After an hour the action was decided. We formed ranks and slowly walk’d the length of the deck, taking care to crush the skull of every dead man. The remaining Dutch join’d us and entreated that we take them to Elizabeth City for imprisonment. Schaars, who had inflicted upon us much indignity, had been torn asunder early in the fight. He had visited our sick bay on the upper deck and was among the first to die, and the creatures ate his flesh while our surgeon escaped. We buried our dead at sea and made certain they were weighed down with round-shot. We then set a course for Elizabeth City and sanctuary.
[The next journal entries are routine. To summarize, the Taylor arrived in Elizabeth City two days afterward. The Dutch privateers were imprisoned while her officers took on new crewmen and resupplied. The ship’s officers reported the events to the Virginia colonial administrators, who believed the reports to merely be accounts of vicious Indian and privateer attacks. The sailors also related their experiences to the locals, who simply dismissed them as typically exaggerated but entertaining sailors’ stories. However, part of one entry must be included.]
April 3 – We saw a sail between us and the land during the second dogwatch. Our lookout spied Dutch colours and recognized her figurehead as the Daphne’s. With a more numerous crew and better prepared to fight, we decided to take the privateer and thus revenge ourselves upon the Dutch. We quickly gained the weather gage and saw she was handled in a sluggish fashion. As we bore down on her we heard many musket shots on her decks, yet no gun or musket fired at us, nor were there any other ships in the lanes. We were still many yards out when we spied smoke and flames. Not desiring to endanger our ship, we were constrain’d to fall abaft. We who had spyglasses observ’d a great melee on the Daphne and saw many of the creatures. We did not want a part in another fight with them and so design’d to leave when a great explosion rent the Daphne into flame and splinters. A careless or frighted Dutch-man had likely set the powder stores afire. We sent off our boats to find survivors for all seamen live in fear of such events. Few bodies were left intact and even the creatures which survived must have sunk to the deep. We found but one survivor who was badly scorch’d with powder but not bitten. He recounted his account and explain’d that the Dutch had taken water at our former camp. He was not able to fully recount the events for he soon lost his senses and expir'd from his wounds soon after. To a man, we resolv’d to avoid that accursed spot. We shall not afflict ourselves for what can’t be recall’d, but instead pursue the remainder of this voyage.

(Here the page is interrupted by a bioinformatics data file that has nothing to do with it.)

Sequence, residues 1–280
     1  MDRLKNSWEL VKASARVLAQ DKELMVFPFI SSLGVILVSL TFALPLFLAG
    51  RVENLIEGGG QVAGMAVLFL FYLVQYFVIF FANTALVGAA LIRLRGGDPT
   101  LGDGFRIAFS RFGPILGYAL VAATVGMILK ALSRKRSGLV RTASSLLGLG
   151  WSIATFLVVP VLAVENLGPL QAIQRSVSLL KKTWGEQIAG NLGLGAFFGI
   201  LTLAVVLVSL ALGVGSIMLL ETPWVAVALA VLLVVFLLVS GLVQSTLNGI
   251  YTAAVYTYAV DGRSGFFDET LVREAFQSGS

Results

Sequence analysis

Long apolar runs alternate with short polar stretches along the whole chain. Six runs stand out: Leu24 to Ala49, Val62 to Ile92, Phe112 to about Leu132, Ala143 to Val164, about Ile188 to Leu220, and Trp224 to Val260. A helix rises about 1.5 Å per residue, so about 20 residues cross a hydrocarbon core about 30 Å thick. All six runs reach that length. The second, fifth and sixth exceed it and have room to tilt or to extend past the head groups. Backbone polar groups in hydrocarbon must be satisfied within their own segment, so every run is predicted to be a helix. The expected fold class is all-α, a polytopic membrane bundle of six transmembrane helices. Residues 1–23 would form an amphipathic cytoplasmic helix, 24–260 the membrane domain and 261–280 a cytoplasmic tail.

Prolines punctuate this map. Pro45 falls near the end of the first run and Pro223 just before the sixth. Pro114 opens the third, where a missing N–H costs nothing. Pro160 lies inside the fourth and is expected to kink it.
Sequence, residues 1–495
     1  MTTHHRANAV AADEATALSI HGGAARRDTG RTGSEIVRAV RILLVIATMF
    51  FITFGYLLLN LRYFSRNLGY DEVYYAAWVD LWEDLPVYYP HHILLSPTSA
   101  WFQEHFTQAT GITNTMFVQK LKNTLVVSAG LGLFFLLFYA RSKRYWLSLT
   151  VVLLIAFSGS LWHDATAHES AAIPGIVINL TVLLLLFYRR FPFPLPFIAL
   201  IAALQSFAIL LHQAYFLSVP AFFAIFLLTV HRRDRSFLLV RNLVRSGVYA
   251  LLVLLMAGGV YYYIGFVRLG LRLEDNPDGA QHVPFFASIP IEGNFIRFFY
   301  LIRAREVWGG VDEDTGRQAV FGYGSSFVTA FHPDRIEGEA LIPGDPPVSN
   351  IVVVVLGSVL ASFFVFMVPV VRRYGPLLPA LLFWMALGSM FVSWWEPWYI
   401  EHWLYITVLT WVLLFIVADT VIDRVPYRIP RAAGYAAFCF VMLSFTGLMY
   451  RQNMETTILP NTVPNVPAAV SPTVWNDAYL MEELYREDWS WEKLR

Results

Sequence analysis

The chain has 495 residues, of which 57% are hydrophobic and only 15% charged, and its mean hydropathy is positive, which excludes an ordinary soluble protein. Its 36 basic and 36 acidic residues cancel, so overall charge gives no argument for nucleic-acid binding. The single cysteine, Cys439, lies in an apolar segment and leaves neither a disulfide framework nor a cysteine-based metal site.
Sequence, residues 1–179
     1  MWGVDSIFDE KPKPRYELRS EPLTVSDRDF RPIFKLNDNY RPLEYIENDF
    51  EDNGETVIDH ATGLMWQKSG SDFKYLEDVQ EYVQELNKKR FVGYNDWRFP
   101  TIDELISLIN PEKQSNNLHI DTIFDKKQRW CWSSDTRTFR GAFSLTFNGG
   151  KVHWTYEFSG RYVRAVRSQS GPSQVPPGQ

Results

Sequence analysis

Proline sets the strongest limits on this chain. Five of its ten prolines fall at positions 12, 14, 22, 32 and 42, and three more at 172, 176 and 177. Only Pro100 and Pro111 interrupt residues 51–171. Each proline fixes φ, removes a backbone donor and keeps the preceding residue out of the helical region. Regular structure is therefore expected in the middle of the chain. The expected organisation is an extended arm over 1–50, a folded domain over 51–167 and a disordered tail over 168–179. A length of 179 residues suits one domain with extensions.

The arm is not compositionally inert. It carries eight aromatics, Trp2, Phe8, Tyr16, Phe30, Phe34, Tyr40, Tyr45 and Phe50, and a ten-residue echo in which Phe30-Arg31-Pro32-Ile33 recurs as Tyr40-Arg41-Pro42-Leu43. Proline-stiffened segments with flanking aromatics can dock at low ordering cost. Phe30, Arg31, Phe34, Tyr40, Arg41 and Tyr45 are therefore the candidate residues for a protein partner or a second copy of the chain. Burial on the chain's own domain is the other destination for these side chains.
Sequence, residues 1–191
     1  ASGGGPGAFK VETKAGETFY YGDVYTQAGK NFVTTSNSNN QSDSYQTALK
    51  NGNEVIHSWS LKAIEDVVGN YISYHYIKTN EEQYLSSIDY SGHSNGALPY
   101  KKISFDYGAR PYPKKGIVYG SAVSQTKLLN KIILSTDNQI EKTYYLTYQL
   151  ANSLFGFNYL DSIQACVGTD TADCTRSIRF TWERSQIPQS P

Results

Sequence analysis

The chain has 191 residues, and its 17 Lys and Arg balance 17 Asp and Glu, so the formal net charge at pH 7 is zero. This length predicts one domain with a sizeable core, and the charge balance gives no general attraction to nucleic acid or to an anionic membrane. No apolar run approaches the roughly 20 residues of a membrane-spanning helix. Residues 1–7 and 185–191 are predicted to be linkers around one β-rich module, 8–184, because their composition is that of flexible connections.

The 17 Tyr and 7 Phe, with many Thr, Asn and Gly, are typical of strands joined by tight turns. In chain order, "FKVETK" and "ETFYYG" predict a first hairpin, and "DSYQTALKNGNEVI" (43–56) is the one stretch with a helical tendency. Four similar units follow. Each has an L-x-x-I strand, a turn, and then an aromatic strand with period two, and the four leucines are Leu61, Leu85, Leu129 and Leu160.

[The Taylor put into Jamaica two weeks later to sell its cargo of stolen goods. The combined profits of the cargo and captured prizes were enough to provide a substantial profit for all involved. Stretton returned to Bristol and used his share to purchase several merchantmen. He then thrived by trading Bristol’s famous red-streak cider for Irish wool and whiskey. He never returned to the Virginia colony, nor would he ever allow his ships to conduct trade there. Recent research has followed the coordinates listed in his journal entries to plot his course throughout the Americas. If his original coordinates are correct, then the Taylor made landfall in a region close to the Roanoke colony. It had mysteriously disappeared without a trace approximately seventy years before his account.]